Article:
- In the 2017/18 season, YP’s three Viterra sites recorded the largest grain receival haul (almost 1.3 million tons of grain) of any region in SA. Yet it contains only 12% of the State’s cropping land. ( YPCT, 13th Feb 2018).
On Yorke Peninsula, this industry faces growing risk from increased exploration and mining activities.
- Until recent years, most invasive mining took place in remote areas of the state. That is now changing. Even though huge, untapped mineral resources still exist in these remote areas, more mining companies are moving into settled agricultural regions like YP to be closer to existing infrastructure (roads, electricity, water, ports etc). Using this taxpayer-funded support base allows them to keep costs down and increase their profits.
- YP is a prime target because, as part of the Olympic Copper belt, it contains a number of potentially rich copper deposits.
- Almost 95% of the Peninsula is under Exploration Licence.
- The first large scale invasive copper mine has now been approved at Hilside near Pine Point. This tenement covers 3,000 hectares of prime cropping land, close to major tourist settlements and on the very edge of St Vincent’s Gulf. It will involve massive waste rock dumps and an open pit 450 metres deep, 2.4 kms long and 1.2 km wide which will not be backfilled once mining finishes.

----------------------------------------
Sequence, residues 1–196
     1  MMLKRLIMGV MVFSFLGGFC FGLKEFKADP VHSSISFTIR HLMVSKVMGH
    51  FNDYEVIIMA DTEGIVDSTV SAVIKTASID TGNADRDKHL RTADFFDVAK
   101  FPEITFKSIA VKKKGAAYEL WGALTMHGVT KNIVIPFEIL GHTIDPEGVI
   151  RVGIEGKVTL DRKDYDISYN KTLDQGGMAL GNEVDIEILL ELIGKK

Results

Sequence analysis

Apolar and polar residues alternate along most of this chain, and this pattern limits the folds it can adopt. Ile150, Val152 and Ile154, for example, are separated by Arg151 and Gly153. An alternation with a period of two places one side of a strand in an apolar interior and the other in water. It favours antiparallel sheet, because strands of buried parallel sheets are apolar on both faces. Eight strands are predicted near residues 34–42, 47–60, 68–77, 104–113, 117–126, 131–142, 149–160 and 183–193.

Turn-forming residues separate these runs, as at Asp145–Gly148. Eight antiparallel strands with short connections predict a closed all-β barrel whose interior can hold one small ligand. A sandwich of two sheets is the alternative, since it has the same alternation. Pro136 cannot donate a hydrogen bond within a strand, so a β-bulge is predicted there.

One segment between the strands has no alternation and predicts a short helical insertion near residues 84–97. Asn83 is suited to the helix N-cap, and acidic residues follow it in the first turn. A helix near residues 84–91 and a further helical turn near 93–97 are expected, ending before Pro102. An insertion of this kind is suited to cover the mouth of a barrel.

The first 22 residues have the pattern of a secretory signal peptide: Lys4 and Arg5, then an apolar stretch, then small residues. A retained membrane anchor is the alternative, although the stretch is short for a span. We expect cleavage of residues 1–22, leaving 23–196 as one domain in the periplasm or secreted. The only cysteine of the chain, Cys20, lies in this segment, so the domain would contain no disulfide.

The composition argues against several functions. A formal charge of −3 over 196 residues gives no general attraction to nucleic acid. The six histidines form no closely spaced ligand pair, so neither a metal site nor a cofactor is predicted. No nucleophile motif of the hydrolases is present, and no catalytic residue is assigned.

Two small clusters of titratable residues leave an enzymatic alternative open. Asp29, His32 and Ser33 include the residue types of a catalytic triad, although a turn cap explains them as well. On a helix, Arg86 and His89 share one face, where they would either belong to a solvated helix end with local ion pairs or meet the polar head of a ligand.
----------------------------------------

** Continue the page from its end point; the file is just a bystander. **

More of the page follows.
- Other promising copper resources on YP have already been identifed by exploration companies. For example, Rex Minerals Ltd – the company seeking to develop the Hillside Mine – has identified 15 satellite targets within the vicinity of Hillside, with further exploration work planned. This company now holds exploration licences over 2,000+ square kms of YP and is currently applying for more.
WHAT IS NEEDED:
Strong action from ALL political parties to guarantee the long-term protection of SA’s remaining agricultural land, rather than putting it at risk for short term mining gains.
Undertake a new, independent review of the Mining Act 1971 to deliver a Bill that guarantees an effective and equitable outcome for all sectors of the SA community, not just mining
What is wrong with the new Bill
- In late 2017, the Government released its Statutes Amendment (Leading Practice in Mining) Bill intended to replace the Mining Act 1971.
- The Bill passed the House of Assembly on 1 November 2017, but was put on hold (until after the state election) when the Liberals, Greens and Australian Conservatives indicated they would not support its passage through the Legislative Council.
- YPLOG and leading agricultural bodies such as GPSA and Livestock SA have severely criticised the review process itself and the resultant Bill which clearly preferences mining over agriculture and other land users. For example: